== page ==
Coiilenl. Report USNRDL-TR-465, Naval Radio .ogical Defense Laboratory, Sept. 28, 1960. 

2. F. M. Tomnovec and R. L. Mather. The Inflnenee oj Soil Conifiosilion on the Thermal Neu¬ 
tron Coininnient oj Larf^e Seale Neutron Fields. Report USNRDL-TR-413, Naval Radiological 
Defense Laboratory. July 19. 1960. 

3. P. A. Read, Calculations and Nonio^ranis /or a Neutron-induced Aclirity Prediction Sys- 
tein, to be published at Naval Radiological Defense Laboratory. 

Fig. 3.2—Gold epithermal activations vs. depth. These data represent the activity in cadmium-covered 
gold samples. Parts A, B, C, and D are for reactor heights of 27, 299, 500, and 1125 ft, respectivel>. 


4 -6 8 -to -12 -t 4 -16 >8 -20 


Fig. 3.4 —Gold epithermal activation vs. depth, normalized at the surface. These are the same data as 
in Fig. 3.2 except that curves for the different stations were normalized at the surface in order to com¬ 
pare the shapes of the curves. Figure 3.4 is the average of all stations for each reactor height. 



DCPTh in Gf»OUND «NCHf Si MPTm tN CIKM»0 ti<«CMCS) 

Fig. 3.6—Gold epithermal activation vs. depth, normalized at the surface. This is a replot of the data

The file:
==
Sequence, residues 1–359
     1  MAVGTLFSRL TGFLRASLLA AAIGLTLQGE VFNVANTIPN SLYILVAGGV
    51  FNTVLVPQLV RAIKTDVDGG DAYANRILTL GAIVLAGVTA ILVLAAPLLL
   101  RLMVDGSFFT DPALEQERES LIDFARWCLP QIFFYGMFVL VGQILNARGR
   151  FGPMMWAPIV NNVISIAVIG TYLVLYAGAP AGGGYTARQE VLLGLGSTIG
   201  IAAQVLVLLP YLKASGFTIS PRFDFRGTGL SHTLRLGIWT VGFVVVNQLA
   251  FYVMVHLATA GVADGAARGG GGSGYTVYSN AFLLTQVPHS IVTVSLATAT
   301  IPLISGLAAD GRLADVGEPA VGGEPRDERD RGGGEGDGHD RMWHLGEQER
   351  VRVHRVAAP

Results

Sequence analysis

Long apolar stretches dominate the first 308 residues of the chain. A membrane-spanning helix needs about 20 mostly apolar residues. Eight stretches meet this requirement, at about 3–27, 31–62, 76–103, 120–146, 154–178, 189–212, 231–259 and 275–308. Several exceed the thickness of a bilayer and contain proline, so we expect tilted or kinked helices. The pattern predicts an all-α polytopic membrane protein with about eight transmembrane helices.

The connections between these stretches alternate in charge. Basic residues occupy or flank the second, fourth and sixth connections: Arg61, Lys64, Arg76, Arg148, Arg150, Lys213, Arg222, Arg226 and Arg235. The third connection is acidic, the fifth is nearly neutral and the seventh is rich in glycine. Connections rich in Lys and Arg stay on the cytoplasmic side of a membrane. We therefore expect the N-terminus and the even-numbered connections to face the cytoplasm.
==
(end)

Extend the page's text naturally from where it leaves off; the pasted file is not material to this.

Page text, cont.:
in Figs. 3.2 and 3.4, but, instead of comparing different stations for the same reactor height, each sta¬ 
tion is plotted separately, with varying reactor heights. Parts A, B, C, D, E, and F refer to 30-, 100-, 
150-, 200-, 250-, and 300-yd stations, respectively. 

DtPTM IN GROUND {inches* 

Fig. 3.7—Gold thermal activation vs. depth for the 100-yd station and 27-ft reactor height. The 
two sets of data were taken under identical conditions except that during the period between runs the 
soil had dried out, changing its moderating properties. See Tabic 3.2 and Fig. 3.8 for rainfall and 
moisture in this time period. 


Fig. 3.8 —Soil moisture content vs. time. This curve shows how the soil moisture content varied during 
the course of the experiment. The data represent averages over all the stations. 


C «X) 400 600 too 1000 1?00 1400 0 ?O0 400 600 tOO '000 I?00 1400 


Fig. 3.9—Surface gold activation vs. slant range. Part A gives the relative activation produced by 
neutrons below the cadmium cutoff, obtained by subtracting the specific activity of a cadmium- 
covered gold sample from that of a bare gold sample at the same location. Part B gives the relative 
activation of gold produced by neutrons above the cadmium cutoff, obtained from the specific activities 
of cadmium-covered gold samples. Data for different reactor heights are marked by different kinds of 
points. Runs were normalized to each other. The solid line indicates the major trend of the points. 

Fig. 3.1u—(Sec following page for legend.) 


4 ♦ H , 4 A) • 4 f # ,*l 

f‘'** N •. -M s ^ HC ^ 

F*g- 3.10—Manganese activation vs. depUi. These data represent die relative activities of bare man¬ 
ganese samples. For each station the data have been normalized at the surface to compare the shapes